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From Wikipedia, the free encyclopedia

Thomas may refer to:

In people:

In business:

In food:

  • Thomas', a brand of English muffins and bagels in North America

In music:

  • "Thomas," a song by A Perfect Circle from their 2000 album Mer de Noms

In places:

In religion:

In sociology:

In television:

In math:

  • Thomas algorithm, a numerical algorithm to solve a tridiagonal system of equations

See also


1911 encyclopedia

Up to date as of January 14, 2010

From LoveToKnow 1911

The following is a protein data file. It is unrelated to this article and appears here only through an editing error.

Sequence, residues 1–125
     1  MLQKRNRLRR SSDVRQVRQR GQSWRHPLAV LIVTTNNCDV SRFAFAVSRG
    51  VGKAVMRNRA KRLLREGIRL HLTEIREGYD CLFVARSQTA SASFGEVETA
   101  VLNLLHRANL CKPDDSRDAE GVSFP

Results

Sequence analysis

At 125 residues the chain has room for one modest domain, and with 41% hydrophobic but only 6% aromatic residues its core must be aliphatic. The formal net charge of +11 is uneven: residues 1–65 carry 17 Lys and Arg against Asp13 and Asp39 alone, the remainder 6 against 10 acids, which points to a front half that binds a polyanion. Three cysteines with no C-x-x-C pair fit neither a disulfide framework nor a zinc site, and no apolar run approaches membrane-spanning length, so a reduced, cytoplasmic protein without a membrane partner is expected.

THOMAS (d. 1 ioo), archbishop of York, was a native of Bayeux, and is usually called Thomas of Bayeux. His father was a priest named Osbert, and Samson, bishop of Worcester from 1086 until his death in May 1112, was his brother. Owing largely to the generosity of Odo, bishop of Bayeux, Thomas studied in France, Germany and Spain and became known as a scholar; then he became one of Bishop Odo's officials and after 1066 one of William the Conqueror's chaplains, or secretaries. In 1070 he succeeded Aldred as archbishop of York, but declining to promise obedience to the archbishop of Canterbury, Lanfranc, the latter prelate refused to consecrate him. King William, however, induced him to submit and he was consecrated, but his profession of obedience was to Lanfranc personally and not to the archbishops of Canterbury. In 1071 both archbishops travelled to Rome for their palls and while there Thomas wished Pope Alexander II. to decree the equality of the sees of Canterbury and York. The pope, however, referred the dispute to a council of English prelates, and this met at Windsor at Whitsuntide 1072. It was then decided that the archbishop of Canterbury was the superior of the archbishop of York, who had no rights south of the Humber, but whose province included Scotland. But this decision did not put a period to the dispute. It broke out again, and in 1092 and again in 1093 Thomas protested against what he regarded as infringements of his archiepiscopal rights. The first of these occasions was over the dedication of the cathedral built by Remigius at Lincoln and the second was over the consecration of St Anselm to the archbishopric of Canterbury. In 1 ioo, during Anselm's exile, Thomas reached London too late to crown Henry I., the ceremony having been hurriedly performed by Maurice, bishop of London, but his anger at this slight was soon appeased. He died at York on the 18th of November i ioo. Thomas rebuilt the minster at York, where he appears to have been an excellent archbishop; he knew something of church music and wrote hymns.